T-S Letter on V and Propaganda

I wanted to highlight a great letter by a McKinleyville resident named Colin Fiske in today’s Times Standard.  Here it is, also buy a paper today or subscribe to the T-S. Its worth it.

Measure V a good idea, proposed by good people

Measure V represents the ideal of grassroots democracy in action. A group of ordinary folks facing a serious problem realized that this problem was bigger than any of them individually. They realized rents were rising fast in many mobile home parks, and that this threatened the already meager affordable housing supply. So they approached local officials asking for a solution. They were rebuffed.

This type of situation is why the ballot initiative process exists. And the rent stabilization advocates took advantage of that process in just the right way. They did thorough research, engaged experts, and wrote an ordinance which would stabilize rents while avoiding unintended side effects. They gathered the required signatures and got it on the ballot. So far, so good.

Unfortunately, the opposition to Measure V has now mounted a campaign that’s a perfect example of what’s wrong with our modern democracy. A few outside megadonors are spending mountains of cash to blanket our county with anti-V propaganda. Paid political hacks have parachuted in, and dirty tricks and misleading messages abound. They’re trying to convince us that we can’t believe our friends and neighbors who put this initiative on the ballot — that even though Measure V sure seems like a good idea, somehow “it’s not what it seems.”

The truth is that Measure V is exactly what it seems. It’s a good idea, proposed by good people, and it will be good for our county. Humboldt County voters should vote Yes on Measure V.

Colin Fiske, McKinleyville

I hear the term “propaganda” quite a bit from conservatives to describe what we on the left might call education or even information.  Its a distinction I struggle with because I am concerned about that line where education ends and propaganda begins.

Here is how The Google defines “propaganda”:

“information, especially of a biased or misleading nature, used to promote or publicize a particular political cause or point of view”

The key distinction would be that the information is misleading, and I would add knowingly misleading.

Since this last weekend, blog-o-philes like myself have been subjected to a despicable campaign of personal destruction of Hillary Mosher the former leading figure in the Yes on  V campaign.  This completely avoidable morality play took place with e-mails exchanged between Ms. Mosher and Casey Kelly CEO of FolletUSA/Inspire back in JANUARY.  Of course the interested parties held onto this information and then released it 3 weeks before the election with outspoken advocates Doug Johnson of the Northern California and Bay Area Western Manufactured Housing Communities Association and mobile home park  owner Guntram Wolski making sure to comment to let the public know how they should process this October surprise.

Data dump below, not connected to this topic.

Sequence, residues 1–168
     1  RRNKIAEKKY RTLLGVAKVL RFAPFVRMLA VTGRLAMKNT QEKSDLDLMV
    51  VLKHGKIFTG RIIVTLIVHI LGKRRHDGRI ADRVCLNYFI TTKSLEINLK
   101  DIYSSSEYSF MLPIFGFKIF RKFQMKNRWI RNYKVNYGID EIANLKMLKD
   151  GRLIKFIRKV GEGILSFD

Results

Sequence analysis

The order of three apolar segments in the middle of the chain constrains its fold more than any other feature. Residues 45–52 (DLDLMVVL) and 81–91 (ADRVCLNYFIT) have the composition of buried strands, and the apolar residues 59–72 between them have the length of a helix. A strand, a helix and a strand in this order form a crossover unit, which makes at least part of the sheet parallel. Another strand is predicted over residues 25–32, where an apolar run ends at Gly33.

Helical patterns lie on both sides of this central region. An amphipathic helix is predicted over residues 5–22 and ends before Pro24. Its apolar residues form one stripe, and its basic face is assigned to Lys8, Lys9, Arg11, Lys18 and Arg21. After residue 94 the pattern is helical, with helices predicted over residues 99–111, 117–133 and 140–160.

Never has it been clearer to me as I try to navigate through their talking points that Mr. Fiske has it exactly right in his succinct appraisal of the current status of the politics of Measure V.

And to take this a step further I’d like to make a general point that despite Republican or conservatives using the term “propaganda” against those of us that would support public AND private interests, our economic system has turned so far against the majority of the public that it is the American right that is best described with this word.

Humboldt’s Measure V is clearly one example.  I’d argue Measure P is another.  But stepping back, on issue after issue from international diplomacy to health care to climate change, every day it becomes clearer that the use of misleading information is a trend that is rooted in one of the two major political movements in our country. That movement is trying to repeat the successes of priorities such as reducing top marginal tax rates with President Reagan in the early 1980’s with the same false rhetoric, the mendacity of which was not as clearly self-evident to most voters 20 or 30 years ago.

But when people pay attention, and with tools such as campaign finance reports and the inter-tubes voters now have access to parts of the story that the good people behind No On V would rather not talk about.  So when we are confronted with people like the salaried representative Doug Johnson or tactics such as those unleashed upon Hillary Mosher for what they are  – a morality-play meant to distract the voter from economic forces which, without smart or fair regulation, will necessarily leave no place in our community for people on a fixed or low income.

Or to use Mr. Fiske’s term.  It’s propaganda.

To Mr. Wolinski and Mr. Johnson it IS profits over people and if the people can’t afford the rent, well, then, the government will be there to pay for their rents.*

Thank you Mr. Fiske for your clear, concise and accurate letter today in the Times Standard.  It was required reading as therapy for me after a week of trying to debate with those that oppose smart rent stabilization efforts in mobile home parks and to help prevent these parks from becoming less of a home to individuals and more of a commodity for investors.

*This is what they are talking about with their support of means-testing rather than rent-stabilization as a means of addressing the problem of affordable housing.  See more here in one of many replies to Doug Johnson this week.


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